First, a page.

A campus TV studio led one WSU student to a ‘Tonight Show’ internship.
When it comes to being ready for life after graduation, what you learn outside the college classroom matters just as much as what you learn inside it — maybe more.
Your academic success is essential, but to give yourself an advantage in the job market after graduation, make sure your college experience goes beyond academics. Every college graduate has a diploma, but not everyone has career-ready experience. Look for hands-on learning opportunities wherever you can find them.
Internships are among the most common and most useful ways to get real career experience before you graduate. They let you apply your classroom knowledge in the workplace, add practical experience to your resume and establish industry connections. They may also count for course credit.
Joining a student club is another great way to gain hands-on experience and make your college experience more meaningful. These organizations can help you explore career possibilities, find faculty and industry mentors, and connect you with students who share your interests. The experience you gain in a student organization can lead to many future opportunities.
A success story
For Washington State University senior Jake Sirianni, being part of a student organization has been integral to his college experience.
He applied to WSU because he wanted to tell stories through video and digital media, an area where the university’s Murrow College of Communication has an excellent reputation. When he arrived on campus, he looked for opportunities to try his hand at making stories happen.
One of the first things Sirianni did was join Cable 8 Productions, WSU’s award-winning student-run television station. The club’s faculty mentors provide guidance when needed, and students learn by rolling up their sleeves and actually running a TV station.
There, he had the opportunity to use a wide variety of field and studio equipment, working with other students to create and air their own original programs. Now a senior, he has been the president and general manager of Cable 8 the last two years.
That experience became the key to his dream: getting an internship with “The Tonight Show Starring Jimmy Fallon.”
Thanks to his hands-on practice with field and studio equipment, Sirianni had a strong résumé. To stand out among the 10,000 applicants for the few available positions, he went the extra mile, creating a parody video of Blackalicious’ “Alphabet Aerobics” to make a personal job pitch that enhanced his application.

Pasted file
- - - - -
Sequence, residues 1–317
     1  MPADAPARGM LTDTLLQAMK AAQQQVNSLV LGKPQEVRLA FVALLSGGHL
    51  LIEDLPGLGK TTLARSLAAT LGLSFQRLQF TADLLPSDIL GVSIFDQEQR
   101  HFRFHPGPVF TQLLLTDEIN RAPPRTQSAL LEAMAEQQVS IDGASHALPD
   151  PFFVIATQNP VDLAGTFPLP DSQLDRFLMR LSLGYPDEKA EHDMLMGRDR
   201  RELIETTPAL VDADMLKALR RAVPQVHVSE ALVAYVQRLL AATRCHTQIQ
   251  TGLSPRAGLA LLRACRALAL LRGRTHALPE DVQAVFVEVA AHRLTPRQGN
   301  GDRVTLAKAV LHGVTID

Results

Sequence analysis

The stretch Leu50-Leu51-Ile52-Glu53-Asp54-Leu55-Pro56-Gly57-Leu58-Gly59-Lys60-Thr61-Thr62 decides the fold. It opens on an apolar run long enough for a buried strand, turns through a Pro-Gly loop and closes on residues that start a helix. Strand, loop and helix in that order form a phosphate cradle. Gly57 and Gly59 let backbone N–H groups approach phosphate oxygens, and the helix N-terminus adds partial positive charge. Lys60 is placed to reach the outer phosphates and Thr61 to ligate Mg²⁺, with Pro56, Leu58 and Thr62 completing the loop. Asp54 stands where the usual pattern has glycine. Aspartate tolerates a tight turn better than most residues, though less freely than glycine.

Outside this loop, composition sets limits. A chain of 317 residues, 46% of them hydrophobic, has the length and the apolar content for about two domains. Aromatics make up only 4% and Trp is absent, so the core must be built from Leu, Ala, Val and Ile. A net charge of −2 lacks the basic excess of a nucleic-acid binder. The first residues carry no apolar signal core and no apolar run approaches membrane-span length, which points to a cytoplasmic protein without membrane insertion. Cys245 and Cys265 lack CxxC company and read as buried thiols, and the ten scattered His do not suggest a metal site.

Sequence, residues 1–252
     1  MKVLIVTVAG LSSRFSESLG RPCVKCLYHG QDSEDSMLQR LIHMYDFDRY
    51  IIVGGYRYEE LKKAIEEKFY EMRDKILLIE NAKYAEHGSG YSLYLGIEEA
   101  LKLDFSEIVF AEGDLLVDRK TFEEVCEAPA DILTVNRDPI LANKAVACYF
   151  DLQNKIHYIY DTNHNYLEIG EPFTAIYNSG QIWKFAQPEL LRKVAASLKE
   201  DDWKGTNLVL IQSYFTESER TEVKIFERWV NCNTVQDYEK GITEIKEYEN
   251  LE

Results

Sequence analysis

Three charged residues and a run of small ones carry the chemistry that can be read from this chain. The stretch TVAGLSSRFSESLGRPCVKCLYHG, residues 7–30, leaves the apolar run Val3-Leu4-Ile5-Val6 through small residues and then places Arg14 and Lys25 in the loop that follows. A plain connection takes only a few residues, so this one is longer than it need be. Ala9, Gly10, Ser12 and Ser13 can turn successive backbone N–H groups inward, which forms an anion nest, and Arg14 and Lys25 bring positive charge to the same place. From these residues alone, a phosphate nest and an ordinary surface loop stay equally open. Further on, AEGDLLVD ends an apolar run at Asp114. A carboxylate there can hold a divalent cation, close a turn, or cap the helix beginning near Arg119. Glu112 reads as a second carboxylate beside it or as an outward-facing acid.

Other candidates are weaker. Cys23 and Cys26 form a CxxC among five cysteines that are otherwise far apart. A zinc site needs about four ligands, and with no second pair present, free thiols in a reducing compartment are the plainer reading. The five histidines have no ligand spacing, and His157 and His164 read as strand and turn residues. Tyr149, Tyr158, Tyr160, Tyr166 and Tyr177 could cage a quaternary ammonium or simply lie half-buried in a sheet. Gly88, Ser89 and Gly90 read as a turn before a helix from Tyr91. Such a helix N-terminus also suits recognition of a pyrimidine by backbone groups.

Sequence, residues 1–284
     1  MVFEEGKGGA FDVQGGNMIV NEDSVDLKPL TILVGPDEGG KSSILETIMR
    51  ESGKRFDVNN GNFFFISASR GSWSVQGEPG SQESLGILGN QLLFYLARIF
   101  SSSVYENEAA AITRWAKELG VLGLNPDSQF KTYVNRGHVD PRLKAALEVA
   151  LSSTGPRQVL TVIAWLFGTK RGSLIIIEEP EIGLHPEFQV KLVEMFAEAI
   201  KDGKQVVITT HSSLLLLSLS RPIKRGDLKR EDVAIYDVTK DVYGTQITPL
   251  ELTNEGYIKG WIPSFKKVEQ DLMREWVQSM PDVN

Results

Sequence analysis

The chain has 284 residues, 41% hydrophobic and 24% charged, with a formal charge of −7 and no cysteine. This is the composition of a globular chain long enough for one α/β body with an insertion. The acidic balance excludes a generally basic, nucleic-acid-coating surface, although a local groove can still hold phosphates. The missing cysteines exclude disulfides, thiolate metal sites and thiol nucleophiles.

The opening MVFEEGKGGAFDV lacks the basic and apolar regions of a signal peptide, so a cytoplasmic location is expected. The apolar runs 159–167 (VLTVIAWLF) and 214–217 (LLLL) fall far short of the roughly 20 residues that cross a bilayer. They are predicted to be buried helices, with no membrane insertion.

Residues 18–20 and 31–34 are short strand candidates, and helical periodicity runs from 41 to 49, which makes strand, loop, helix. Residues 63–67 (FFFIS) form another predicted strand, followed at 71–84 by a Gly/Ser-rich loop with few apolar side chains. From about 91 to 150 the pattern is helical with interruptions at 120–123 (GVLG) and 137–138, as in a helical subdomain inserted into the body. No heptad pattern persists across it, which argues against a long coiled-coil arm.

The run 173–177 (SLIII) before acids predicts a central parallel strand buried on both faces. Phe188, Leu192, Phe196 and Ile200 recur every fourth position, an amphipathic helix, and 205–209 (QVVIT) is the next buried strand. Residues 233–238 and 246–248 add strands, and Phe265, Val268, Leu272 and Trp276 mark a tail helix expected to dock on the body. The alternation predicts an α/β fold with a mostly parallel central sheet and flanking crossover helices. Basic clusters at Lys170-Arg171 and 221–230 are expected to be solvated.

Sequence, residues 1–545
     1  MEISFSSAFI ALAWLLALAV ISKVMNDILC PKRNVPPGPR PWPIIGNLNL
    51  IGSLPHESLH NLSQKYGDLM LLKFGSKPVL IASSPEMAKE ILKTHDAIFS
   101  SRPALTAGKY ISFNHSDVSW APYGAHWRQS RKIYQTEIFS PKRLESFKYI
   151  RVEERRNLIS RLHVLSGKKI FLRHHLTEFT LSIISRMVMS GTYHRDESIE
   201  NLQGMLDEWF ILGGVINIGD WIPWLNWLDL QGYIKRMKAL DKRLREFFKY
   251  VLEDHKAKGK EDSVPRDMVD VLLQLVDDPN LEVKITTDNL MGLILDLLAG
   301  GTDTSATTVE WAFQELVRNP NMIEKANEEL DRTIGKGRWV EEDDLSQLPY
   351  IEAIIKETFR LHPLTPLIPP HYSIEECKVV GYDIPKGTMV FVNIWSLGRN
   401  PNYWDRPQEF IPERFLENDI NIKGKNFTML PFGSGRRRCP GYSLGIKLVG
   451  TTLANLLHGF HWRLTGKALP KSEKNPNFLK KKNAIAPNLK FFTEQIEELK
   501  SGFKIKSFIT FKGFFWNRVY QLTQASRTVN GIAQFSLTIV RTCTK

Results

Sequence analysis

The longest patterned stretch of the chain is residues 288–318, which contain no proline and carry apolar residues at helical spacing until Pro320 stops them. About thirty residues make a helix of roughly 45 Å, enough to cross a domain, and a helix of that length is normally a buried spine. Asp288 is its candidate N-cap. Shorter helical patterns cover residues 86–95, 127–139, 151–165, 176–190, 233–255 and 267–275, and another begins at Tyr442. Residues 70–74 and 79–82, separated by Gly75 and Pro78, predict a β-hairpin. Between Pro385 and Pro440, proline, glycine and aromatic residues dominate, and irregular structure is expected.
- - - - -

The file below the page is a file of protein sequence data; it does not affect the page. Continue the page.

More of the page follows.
He spent a week rewriting the rap with lyrics that honored the show’s history and stated why he’d make a good intern. He then spent more than 20 hours editing footage of himself into the video. It made for a lot of late nights in the editing bays at Cable 8.
After getting feedback from one of his professors and other video creators, he published his video and shared it on his personal social media channels. Reddit users started passing it around. Then Mashable picked it up. And then the “Today” show. It went viral.
“I remember getting an email at 4 in the morning from a producer at the ‘Today’ show asking if they could use the clip,” he says. “I was actually still up studying for an exam.”
Later that day, he and his residence hall neighbors watched as Jimmy Fallon played his video on the air and offered him a summer internship.
“I had access to state-of-the-art equipment, which was really cool,” Sirianni says. “It’s not necessarily a normal thing to come into a studio at 3 in the morning, shoot a rap video, edit it for a lot of hours, and then get your dream internship. Through the university, I was able to do that.”
By taking advantage of his hands-on learning opportunities — in fact, he has had two other internships in addition to his recent one with “The Tonight Show” — Sirianni has developed career-ready experience that sets him apart.
Finding your opportunity
But how do you find these opportunities? Where do you look for them?
When you’re submitting college applications, ask the schools about their career center. Ask how they help students find internships. Ask about student clubs. Search the school’s student job board to see what kind of work experiences are offered.
Also, when you find a major you’re interested in, contact the academic department that offers it. Chances are the department will connect you with advisors or student ambassadors who can help you find the opportunities you’re looking for.
You don’t have to wait for graduation to get real-world experience. College is full of resources and opportunities. If you make the effort to reach out, you’ll find plenty of people who are ready to help. You can build your own unique pathway to achieve whatever you’re shooting for, starting right now.
Learn more about WSU at choose.wsu.edu.